As he grasped it, and drew his head up a trifle, Dan saw another floating within thirty feet of him. Swimming hard, and pushing, Dan succeeded in reaching the other buoy. He now rested, holding on to both buoys.
“Now, where’s David, that little giant?” muttered Dalzell, striving hard to see through the seething waters and over the tops of foam-crested waves.
After a few minutes Dan began to feel decidedly nervous.
“Yet Dave can’t have gone down, for he’s a better swimmer than I am,” was Dan’s consoling thought.
At last Dalzell caught sight of another head. He could have cheered, but he expended his breath on something more sensible.
“Dave!” he shouted. “Old Darry! This way! I have the life buoys.”
At the same time, holding to both of them, but kicking frantically with his feet, Dalzell managed slowly to push the buoys toward Dave.
Soon after he had started, Dan did utter a cheer, even though it was checked by an inrush of salt water that nearly strangled him.
He saw two heads. Dave Darrin was coming toward him, helping Hallam.
The wind carried the cheer faintly to Dave. He raised his head a little in the water, and caught sight of Dan and the buoys.
Some three minutes it took the two chums to meet. Dave Darrin was all but exhausted, for Hallam was now unconscious.
As Darrin clutched at the buoy he tried to shout, though the voice came weakly:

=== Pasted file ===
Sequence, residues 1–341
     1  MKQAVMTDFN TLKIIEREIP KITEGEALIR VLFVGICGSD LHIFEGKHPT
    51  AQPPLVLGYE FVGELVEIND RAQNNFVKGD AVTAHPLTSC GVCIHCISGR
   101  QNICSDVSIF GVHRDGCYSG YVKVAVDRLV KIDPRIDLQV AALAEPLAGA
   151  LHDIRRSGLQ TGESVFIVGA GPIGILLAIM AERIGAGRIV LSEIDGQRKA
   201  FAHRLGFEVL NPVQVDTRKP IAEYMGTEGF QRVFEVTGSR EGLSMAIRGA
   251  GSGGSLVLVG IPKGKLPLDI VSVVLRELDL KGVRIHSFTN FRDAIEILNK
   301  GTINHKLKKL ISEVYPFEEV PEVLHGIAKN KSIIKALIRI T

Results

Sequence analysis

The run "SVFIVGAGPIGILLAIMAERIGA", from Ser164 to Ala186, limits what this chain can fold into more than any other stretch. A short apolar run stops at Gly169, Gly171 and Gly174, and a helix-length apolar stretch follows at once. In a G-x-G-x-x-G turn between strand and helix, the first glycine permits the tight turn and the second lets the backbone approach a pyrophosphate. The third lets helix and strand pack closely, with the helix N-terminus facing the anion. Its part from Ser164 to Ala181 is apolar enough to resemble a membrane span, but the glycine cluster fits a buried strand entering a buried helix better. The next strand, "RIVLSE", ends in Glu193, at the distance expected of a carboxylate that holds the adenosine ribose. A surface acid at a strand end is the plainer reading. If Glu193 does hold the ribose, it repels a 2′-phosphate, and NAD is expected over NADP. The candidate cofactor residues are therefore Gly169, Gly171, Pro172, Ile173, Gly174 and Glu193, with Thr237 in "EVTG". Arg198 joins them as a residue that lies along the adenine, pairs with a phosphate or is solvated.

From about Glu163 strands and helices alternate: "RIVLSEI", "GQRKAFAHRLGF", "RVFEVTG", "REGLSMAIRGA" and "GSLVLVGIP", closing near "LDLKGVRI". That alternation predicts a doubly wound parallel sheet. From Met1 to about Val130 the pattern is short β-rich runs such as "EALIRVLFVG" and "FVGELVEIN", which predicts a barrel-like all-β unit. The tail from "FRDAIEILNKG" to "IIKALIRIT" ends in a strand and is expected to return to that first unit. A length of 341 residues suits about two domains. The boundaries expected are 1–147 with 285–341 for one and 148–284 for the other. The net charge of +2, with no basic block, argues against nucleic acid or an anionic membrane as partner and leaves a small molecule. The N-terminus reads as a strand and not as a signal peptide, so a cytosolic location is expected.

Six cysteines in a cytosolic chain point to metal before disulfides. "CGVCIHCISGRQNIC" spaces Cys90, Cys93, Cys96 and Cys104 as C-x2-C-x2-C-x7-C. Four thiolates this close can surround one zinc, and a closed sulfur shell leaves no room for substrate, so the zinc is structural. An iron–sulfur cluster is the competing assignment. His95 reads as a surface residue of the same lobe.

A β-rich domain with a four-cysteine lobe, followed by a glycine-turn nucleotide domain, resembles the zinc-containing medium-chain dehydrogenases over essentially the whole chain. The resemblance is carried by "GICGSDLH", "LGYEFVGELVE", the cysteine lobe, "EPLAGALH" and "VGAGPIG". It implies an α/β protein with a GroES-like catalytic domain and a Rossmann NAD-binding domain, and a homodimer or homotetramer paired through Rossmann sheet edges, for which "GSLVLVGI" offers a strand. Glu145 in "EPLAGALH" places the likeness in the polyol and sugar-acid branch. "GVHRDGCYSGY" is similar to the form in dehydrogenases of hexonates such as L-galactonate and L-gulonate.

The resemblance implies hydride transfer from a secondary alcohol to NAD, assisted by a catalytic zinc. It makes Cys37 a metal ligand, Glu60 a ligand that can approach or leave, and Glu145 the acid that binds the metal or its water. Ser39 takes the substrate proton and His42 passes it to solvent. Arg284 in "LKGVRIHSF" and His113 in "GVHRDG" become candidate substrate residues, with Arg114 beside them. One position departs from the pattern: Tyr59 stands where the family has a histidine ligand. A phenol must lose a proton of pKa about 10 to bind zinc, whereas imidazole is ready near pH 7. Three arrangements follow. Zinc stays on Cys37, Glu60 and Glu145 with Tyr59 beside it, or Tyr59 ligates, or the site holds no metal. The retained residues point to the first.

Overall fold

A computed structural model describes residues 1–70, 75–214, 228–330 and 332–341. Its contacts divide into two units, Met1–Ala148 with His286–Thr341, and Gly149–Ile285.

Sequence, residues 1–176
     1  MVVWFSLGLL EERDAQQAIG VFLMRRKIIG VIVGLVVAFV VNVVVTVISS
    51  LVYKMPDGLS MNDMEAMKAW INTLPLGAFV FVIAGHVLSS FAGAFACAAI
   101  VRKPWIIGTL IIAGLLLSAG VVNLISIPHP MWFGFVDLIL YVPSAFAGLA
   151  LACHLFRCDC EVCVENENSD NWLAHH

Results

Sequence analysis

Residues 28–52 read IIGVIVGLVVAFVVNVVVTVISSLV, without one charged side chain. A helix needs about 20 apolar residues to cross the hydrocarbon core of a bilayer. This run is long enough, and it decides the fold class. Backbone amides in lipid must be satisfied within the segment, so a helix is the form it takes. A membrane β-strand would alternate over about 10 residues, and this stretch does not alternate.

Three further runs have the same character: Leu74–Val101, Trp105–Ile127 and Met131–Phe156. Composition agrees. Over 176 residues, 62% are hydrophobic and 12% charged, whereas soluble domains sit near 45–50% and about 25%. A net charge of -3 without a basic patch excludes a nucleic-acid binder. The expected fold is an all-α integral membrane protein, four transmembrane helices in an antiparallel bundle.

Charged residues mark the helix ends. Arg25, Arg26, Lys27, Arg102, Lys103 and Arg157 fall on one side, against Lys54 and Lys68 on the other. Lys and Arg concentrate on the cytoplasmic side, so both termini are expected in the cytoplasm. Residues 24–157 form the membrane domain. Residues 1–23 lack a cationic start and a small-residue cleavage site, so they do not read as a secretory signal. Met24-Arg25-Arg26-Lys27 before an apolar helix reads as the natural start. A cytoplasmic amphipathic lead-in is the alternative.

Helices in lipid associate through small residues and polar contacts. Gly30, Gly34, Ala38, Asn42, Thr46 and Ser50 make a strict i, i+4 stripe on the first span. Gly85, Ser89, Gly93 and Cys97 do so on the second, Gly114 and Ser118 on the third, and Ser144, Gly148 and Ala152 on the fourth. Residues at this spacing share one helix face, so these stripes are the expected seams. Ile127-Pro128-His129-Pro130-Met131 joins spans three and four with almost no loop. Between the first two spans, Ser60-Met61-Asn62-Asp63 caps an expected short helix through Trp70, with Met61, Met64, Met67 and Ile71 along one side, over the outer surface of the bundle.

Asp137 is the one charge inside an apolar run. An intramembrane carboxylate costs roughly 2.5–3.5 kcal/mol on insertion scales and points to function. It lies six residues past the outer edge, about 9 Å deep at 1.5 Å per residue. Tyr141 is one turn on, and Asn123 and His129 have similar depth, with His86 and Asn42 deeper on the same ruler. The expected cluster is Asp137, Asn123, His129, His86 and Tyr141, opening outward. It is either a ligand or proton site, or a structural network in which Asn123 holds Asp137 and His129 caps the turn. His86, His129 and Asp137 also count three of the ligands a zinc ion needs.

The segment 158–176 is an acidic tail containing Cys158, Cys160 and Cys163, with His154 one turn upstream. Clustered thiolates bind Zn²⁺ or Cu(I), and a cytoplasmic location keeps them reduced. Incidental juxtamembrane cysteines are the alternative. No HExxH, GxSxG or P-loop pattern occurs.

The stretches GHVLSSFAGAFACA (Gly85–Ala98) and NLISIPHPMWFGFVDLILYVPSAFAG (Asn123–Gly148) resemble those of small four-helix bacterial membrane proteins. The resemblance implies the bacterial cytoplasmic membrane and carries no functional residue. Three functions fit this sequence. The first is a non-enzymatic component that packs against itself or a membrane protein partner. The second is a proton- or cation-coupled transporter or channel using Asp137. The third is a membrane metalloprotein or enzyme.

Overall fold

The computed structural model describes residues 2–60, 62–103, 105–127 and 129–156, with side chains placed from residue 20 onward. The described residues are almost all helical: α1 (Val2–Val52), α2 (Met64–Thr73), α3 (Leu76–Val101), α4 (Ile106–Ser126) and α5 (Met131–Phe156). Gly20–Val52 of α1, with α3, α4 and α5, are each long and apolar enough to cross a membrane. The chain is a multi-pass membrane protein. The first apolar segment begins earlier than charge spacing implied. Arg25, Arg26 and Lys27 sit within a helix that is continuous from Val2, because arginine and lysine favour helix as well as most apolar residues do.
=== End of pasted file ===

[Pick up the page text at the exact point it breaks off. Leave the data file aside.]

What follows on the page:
“Catch hold of Hallam. I’m down and——”
But Dan understood, even before he heard. While Dave clutched at one of the life buoys Dalzell shot out an arm, dragging Hallam in to safety.
Now, it was Darrin who, with both arms, contrived to link the buoys together.
At last the youngsters had a chance to observe the fact that the battleships had put about and were coming back.
“We’ll soon be all right,” sighed Dave contentedly, as soon as he could speak. “There are thirty-five hundred officers, middies and sailors of the American Navy to look after our safety.”
From where they lay as they hung to the buoys the chums could even see the launches lowered.
Dan, with some of the emergency lashing about the buoy, succeeded, after a good deal of effort, and with some aid from Dave, in passing a cord about Hallam and under the latter’s armpits that secured that midshipman to one of the buoys. The next move of the chums was to lash the buoys together.
“Now,” declared Dave, “we can’t lose. We can hang on and be safe here for hours, if need be.”
“But what a thundering long time it takes them to bring the battleships around to get to us!” murmured Midshipman Dalzell in wonder.
“Be sure not an unnecessary second has been lost,” rejoined Dave. “We’re learning something practical now about the handling of big craft.”
“I wonder if Hally’s a goner?” murmured Dan in an awe-struck voice.